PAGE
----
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Protection against inflation

Inflation is beyond your control but that doesn’t mean you can’t take action to help preserve your investments and savings from its effects.

The COVID-19 pandemic has had a drastic effect on the global economy. Economic activity has dried up with consumers buying less and fewer companies investing.

Inflation historically and today

In the run-up to the COVID-19 pandemic, things were fairly quiet on the inflation front. Arguably, policymakers were more worried about inflation being too low, or persistently low than a return to the 1970s.

There are currently a number of factors driving down inflation. The lockdown to help combat the spread of COVID-19 saw us having to stay at home, meaning we have generally been spending less, which has led to a decline in demand across the economy. We have also been driving and travelling far less and things are far from back to normal.

The effect of lower oil prices feeding into lower production costs for a wide range of goods has also pushed down inflation.

In spite of unprecedented support measures from the UK Government to help workers and businesses, consumer confidence and job security has collapsed. Economic uncertainty coupled with the real threat of unemployment have left individuals less willing to spend and businesses less willing to invest.

Increased spending could push inflation higher

If and when there is some resumption of normality (and we are starting to see this), depending on how much pent up demand there is, and how willing consumers and businesses are to part with their savings, a rise in spending could drive inflation up.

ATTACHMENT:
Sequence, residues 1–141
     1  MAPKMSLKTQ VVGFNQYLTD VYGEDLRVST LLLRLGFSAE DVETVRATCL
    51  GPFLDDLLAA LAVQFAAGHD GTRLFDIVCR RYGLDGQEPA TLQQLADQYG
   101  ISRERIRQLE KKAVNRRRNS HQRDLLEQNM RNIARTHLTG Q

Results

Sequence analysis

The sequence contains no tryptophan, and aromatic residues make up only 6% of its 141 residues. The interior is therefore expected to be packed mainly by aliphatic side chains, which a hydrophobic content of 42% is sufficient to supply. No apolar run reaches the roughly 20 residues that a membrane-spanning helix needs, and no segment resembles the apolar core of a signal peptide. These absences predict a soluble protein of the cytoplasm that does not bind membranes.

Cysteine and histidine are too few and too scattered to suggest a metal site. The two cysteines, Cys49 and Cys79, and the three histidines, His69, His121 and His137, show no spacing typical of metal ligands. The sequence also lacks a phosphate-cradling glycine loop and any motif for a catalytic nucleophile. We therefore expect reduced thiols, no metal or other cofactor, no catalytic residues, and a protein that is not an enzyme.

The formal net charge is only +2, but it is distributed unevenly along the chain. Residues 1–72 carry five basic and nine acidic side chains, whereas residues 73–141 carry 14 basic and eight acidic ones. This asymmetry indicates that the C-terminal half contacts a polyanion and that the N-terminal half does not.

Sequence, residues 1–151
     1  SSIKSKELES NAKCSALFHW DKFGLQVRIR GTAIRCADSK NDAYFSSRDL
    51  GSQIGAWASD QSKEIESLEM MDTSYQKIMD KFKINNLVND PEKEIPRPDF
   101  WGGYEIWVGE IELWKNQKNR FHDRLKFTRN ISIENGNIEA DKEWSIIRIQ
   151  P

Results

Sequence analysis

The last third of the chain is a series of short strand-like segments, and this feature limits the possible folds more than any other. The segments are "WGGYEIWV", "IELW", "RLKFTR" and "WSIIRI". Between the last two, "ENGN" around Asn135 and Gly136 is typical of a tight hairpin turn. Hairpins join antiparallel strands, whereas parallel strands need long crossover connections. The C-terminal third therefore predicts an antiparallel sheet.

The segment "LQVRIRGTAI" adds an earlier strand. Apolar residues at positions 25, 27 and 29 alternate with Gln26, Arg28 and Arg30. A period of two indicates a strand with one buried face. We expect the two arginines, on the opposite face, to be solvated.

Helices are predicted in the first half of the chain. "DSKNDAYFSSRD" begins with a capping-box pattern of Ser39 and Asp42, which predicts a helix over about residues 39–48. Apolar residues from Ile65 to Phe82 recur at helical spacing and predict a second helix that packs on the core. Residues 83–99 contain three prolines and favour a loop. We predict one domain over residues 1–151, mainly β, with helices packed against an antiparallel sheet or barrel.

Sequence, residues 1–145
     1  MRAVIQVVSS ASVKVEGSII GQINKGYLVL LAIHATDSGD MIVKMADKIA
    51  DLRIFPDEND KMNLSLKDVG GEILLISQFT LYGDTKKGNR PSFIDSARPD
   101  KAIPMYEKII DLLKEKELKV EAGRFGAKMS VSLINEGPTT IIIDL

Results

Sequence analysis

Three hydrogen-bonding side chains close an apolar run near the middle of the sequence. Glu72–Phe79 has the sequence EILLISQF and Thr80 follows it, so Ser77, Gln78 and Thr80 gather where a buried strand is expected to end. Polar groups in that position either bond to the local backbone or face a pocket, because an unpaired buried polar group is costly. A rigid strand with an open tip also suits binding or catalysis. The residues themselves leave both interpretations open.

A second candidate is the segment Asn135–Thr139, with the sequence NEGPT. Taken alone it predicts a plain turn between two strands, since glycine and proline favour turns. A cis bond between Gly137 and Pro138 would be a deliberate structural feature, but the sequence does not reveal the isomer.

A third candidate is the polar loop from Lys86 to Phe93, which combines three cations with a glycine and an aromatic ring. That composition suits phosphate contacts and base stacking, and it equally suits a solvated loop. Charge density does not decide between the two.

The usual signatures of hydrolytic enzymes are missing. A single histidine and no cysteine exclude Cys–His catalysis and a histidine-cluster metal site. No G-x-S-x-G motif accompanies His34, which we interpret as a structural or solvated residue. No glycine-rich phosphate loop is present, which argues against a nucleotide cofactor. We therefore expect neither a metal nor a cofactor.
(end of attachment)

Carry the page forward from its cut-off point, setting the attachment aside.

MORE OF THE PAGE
Other inflationary pressures

In the long term, there are worries about other possible inflationary pressures. The ongoing COVID-19 situation is seeing significant disruption to trade, and companies going out of business. This could have the effect of constraining the supply of goods and competition in the global economy, contributing to higher prices at checkouts.  Prices can also rise because there is less supply of products.

Whilst it is difficult to forecast the outlook for inflation with any certainty, with the current level of uncertainty in global markets, it is still worth considering the possibility that inflation may rise to levels that have historically been more ‘normal’ and consider whether your portfolio is protected.

Protection against inflation

While investors may not be too concerned in the short term about inflation, a diversified portfolio should always include some protection against inflation. This might involve holding shares in companies that are able to raise their prices over time, or include inflation-protecting assets such as inflation-linked bonds. Rather than a response to the threat of higher inflation, exposure to inflation-protecting assets should be part of normal portfolio allocation.

Threat of inflation

If you are of the opinion that inflation will go up in the long term, it is worth considering how your savings and investments could be affected. You need your investments, and the income from them, to keep pace with inflation in order to maintain the value of your buying power.

Inflation chips away at real savings and investment returns and so poses a threat to investors. The goal of most investors is to increase their long-term purchasing power but investment returns must first keep up with the rate of inflation in order to increase real purchasing power. Inflation causes a threat to this goal.

Get in touch

Whilst you can’t control inflation, you can mitigate your risk by taking actions to help preserve your investments and savings from its effects.

For further advice, get in touch, email enquiries@cowgills.co.uk and one of the team will be in touch.


The value of investments and income from them may go down. You may not get back the original amount invested.

Posted by Matthew Bromley
27th July, 2020
Get in touch with Matthew Bromley